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Using Agile Project Management to Maximize Your and Your Coauthors’ Productivity

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2015 ASEE Annual Conference & Exposition


Seattle, Washington

Publication Date

June 14, 2015

Start Date

June 14, 2015

End Date

June 17, 2015





Conference Session

New Engineering Educators Division Technical Session 2

Tagged Division

New Engineering Educators

Page Count


Page Numbers

26.1654.1 - 26.1654.12



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Paper Authors


Ted Eschenbach P.E. University of Alaska Anchorage

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Dr. Ted Eschenbach, P.E. is the principal of TGE Consulting, an emeritus professor of engineering management at the University of Alaska Anchorage, and the founding editor emeritus of the Engineering Management Journal. He is the author or coauthor of over 250 publications and presentations, including 19 books. With his coauthors he has won best paper awards at ASEE, ASEM, ASCE, & IIE conferences, and the 2009 Grant award for the best article in The Engineering Economist. He earned his B.S. from Purdue in 1971, his doctorate in industrial engineering from Stanford University in 1975, and his masters in civil engineering from UAA in 1999.

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Neal A Lewis University of Bridgeport

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Neal Lewis received his Ph.D. in engineering management in 2004 and B.S. in chemical engineering in 1974 from the University of Missouri – Rolla (now the Missouri University of Science and Technology), and his MBA in 2000 from the University of New Haven. He is an associate professor in the School of Engineering at the University of Bridgeport. He has over 25 years of industrial experience, having worked at Procter & Gamble and Bayer. Prior to UB, he has taught at UMR, UNH, and Marshall University. Neal is a member of ASEE, ASEM, and IIE.

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Gillian M. Nicholls Southeast Missouri State University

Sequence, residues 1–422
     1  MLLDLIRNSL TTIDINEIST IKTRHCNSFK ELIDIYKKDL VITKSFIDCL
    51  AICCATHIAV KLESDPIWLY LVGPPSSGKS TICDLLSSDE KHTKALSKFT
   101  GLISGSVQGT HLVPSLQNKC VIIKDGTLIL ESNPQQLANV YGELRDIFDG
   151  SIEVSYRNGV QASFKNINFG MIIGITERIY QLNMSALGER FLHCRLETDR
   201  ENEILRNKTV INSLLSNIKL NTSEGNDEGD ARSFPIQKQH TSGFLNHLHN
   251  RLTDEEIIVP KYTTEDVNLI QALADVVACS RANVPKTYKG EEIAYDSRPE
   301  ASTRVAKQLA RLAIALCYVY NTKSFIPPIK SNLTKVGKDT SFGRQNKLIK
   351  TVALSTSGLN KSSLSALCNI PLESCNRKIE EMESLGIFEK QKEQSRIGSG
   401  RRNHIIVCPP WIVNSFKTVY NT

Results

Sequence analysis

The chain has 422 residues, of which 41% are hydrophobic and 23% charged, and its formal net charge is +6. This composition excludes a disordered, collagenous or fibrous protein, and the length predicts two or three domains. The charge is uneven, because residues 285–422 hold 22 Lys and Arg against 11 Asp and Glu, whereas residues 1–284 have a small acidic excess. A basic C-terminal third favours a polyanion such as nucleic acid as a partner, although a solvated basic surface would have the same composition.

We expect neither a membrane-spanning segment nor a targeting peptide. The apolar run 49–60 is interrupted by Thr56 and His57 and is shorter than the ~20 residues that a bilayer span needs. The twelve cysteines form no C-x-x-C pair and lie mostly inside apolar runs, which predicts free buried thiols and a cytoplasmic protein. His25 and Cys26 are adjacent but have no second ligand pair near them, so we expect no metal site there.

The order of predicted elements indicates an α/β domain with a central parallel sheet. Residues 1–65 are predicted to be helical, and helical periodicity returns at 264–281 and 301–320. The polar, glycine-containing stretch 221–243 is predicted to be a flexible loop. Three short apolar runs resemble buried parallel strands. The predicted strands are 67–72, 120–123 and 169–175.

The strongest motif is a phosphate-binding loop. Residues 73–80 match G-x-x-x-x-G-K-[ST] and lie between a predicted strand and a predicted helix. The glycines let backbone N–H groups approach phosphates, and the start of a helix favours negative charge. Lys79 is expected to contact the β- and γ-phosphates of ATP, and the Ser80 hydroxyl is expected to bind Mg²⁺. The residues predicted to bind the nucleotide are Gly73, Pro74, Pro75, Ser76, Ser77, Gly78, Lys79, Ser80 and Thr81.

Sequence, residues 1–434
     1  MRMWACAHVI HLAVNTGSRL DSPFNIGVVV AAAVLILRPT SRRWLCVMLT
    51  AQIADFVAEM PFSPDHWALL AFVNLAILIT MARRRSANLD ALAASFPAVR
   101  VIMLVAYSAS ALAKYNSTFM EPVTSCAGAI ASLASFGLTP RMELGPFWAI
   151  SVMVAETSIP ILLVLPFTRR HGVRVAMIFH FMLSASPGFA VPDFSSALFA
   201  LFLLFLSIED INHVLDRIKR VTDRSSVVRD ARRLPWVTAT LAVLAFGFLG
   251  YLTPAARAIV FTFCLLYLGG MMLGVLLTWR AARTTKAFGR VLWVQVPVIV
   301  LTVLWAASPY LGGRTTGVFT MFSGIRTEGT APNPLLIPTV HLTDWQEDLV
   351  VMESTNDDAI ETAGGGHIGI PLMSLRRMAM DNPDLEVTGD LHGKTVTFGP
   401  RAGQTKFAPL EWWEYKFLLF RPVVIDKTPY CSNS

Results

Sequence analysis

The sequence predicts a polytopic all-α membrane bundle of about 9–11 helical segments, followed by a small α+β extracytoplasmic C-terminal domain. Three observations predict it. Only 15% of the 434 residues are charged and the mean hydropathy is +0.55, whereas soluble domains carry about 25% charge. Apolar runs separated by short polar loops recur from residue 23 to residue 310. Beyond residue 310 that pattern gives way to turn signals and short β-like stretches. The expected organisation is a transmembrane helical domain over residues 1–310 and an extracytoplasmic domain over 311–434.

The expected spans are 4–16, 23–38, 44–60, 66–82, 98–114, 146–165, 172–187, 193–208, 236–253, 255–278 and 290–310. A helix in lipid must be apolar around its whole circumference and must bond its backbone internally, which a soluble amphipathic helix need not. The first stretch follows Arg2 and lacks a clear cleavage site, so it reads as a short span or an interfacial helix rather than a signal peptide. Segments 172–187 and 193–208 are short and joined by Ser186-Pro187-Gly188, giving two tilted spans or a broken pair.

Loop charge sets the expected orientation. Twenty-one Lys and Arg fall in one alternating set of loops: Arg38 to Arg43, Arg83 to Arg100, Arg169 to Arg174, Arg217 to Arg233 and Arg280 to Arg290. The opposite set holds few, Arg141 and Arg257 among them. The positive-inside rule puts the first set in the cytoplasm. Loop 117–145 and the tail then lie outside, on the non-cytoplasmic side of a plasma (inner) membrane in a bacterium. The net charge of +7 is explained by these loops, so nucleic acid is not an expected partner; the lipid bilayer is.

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Dr. Gillian M. Nicholls is an Assistant Professor of Quantitative Methods at Southeast Missouri State University. Her research interests are in applying statistical analysis and optimization to supply chain management, transportation management, and engineering education. She holds the B.S. in Industrial Engineering (Lehigh University), Masters in Business Administration (Penn State University), M.S. in Industrial Engineering (University of Pittsburgh.), and Ph.D. in Industrial Engineering (University of Pittsburgh). Prior to entering academia, Dr. Nicholls was a practicing industrial engineer in the freight transportation industry. Address: Donald L. Harrison College of Business, Southeast Missouri State University, One University Plaza – MS 5815, Cape Girardeau, MO 63701; telephone (+1) 573.651.2016; fax: (+1) 573.651.2992; e-mail:

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William J. Schell IV P.E. Montana State University Orcid 16x16

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Dr. William J. Schell holds a Ph.D. in Industrial and Systems Engineering – Engineering Management from the University of Alabama in Huntsville and M.S. and B.S. degrees in Industrial and Management Engineering (IME) from Montana State University (MSU). He is an Assistant Professor in IME at MSU with research interests in engineering education and the role of leadership and culture in process improvement. Prior to his academic career, he spent 14 years in industry where he held leadership positions focused on process improvement and organizational development.